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Enterprise Search /

Search implementation tips

These tips may be helpful when setting up Enterprise Search for the first time, or when designing advanced queries.

Migrating from another Search solution

Please review our suggestion on how to get Enterprise Search set up without enabling active searches.

Note that before fully enabling Enterprise Search, any existing copies of search code (such as es-wp-query) that reside in your code repository should be removed, to avoid conflicts with the code used for Enterprise Search that is provided in vip-go-mu-plugins.

Standard search options

If you’re not happy with the search results for a standard text search (i.e. a WordPress search using a query parameter such as s), then perhaps try using ep_integrate (from the ElasticPress fork) instead of es. This bypasses the provided es-wp-query adapter and uses the ElasticPress code instead, which may filter and normalize some special characters, such as apostrophes and quotes, differently.

This will of course depend on your use case and the type of text being searched. We recommend starting with the es option.

You may also wish to try filtering the search term (in your code) prior to executing the search.

Post meta and term meta

Only index what you need. If you are not using the meta key in a query as a filter, then it does not need to be indexed.

Post types and taxonomies

It’s easier to add post types and taxonomies to the allow lists in code first, than to incrementally add them and re-index (or version the indexes). Especially if multiple subsites and search indexes are involved.

Do try to avoid indexing anything that will not be searched.

Disabling Elasticsearch conditionally for certain post types

Some default MySQL queries are better. Some plugins provide good (or great) solutions to standard MySQL searches. For example, there’s a redirect plugin that uses a custom post type and has built-in support for querying these using standard MySQL. In these cases, omit that post type from indexing, and ensure that related queries do not use the es query argument.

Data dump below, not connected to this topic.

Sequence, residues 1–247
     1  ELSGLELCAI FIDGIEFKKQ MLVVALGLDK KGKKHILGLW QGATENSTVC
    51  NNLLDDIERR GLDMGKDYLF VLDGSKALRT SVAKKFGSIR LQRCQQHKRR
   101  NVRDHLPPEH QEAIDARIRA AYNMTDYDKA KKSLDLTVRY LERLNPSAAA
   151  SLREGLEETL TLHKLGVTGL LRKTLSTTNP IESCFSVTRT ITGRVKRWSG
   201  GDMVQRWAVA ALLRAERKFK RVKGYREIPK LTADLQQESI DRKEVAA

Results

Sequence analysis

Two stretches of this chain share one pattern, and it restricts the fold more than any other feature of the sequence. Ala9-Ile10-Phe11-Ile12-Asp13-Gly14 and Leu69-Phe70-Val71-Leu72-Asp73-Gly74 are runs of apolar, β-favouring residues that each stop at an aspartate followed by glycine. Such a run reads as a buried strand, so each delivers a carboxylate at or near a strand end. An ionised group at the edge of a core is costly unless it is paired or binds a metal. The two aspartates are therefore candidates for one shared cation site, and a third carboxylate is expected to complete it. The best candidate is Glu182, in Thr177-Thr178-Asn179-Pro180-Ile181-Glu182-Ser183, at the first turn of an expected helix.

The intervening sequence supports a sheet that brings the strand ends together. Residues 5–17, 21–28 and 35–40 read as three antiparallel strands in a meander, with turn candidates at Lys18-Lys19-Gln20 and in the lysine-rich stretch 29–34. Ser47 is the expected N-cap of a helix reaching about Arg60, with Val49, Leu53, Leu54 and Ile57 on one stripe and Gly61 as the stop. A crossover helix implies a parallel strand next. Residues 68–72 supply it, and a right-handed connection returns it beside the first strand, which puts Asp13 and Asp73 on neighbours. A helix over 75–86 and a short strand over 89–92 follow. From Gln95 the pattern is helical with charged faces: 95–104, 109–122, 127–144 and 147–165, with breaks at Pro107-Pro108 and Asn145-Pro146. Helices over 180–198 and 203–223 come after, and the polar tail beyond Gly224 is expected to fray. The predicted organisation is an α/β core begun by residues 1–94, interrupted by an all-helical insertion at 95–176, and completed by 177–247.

Sorting

If you start getting unexpected results ordering, you are probably sorting in your WP_Query. Remove the sorting from the WP_Query and you should see the real Elasticsearch relevancy results ordering.

Relevancy

If you get too many loosely relevant results on the end of your results list, you can use min_score on the ES query to trim those down without hurting the more relevant results. A good starting point depends on your scoring methods; review the max_score and individual _score values in the response JSON using Search Dev Tools (coming soon) to determine what works for you. This helps searches for “import” by reducing the unrelated results that match just the word “port” for example.

The following code snippet is a good starting point – the min score is based on the scores obtained on a simple test site, without additional customizations.

/**
 * filter the min_score to exclude unrelated results
 *
 */
function vip_sample_filter_min_score( $formatted_args, $args, $wp_query ) {
        
    /** 
     * adjust min_score
     *
     * higher score = better matches
     * lower score = looser matching, more results
     */
    $formatted_args['min_score'] = 5;

    return $formatted_args;
}
add_filter( 'ep_formatted_args', 'vip_sample_filter_min_score', 25, 3 );

AJAX search requests

Enterprise Search relies on a secure API to provide a powerful set of capabilities. It does not provide a public endpoint for running searches, and Elasticsearch results are rather raw. We do not recommend attempting to proxy the search results.

If you need a way to query for and obtain post data (i.e. search results) in JSON format directly from a browser or other client via an AJAX request, we recommend building a custom, cacheable, API adapter route that limits the types of queries that can be made, and use only the post IDs from the raw Elasticsearch results. Any other details from Elasticsearch should not be used for constructing a user interface. Obtain any additional post or comment details from WordPress, such as post title, URL, etc, using its built in data access functions.

Last updated: May 14, 2021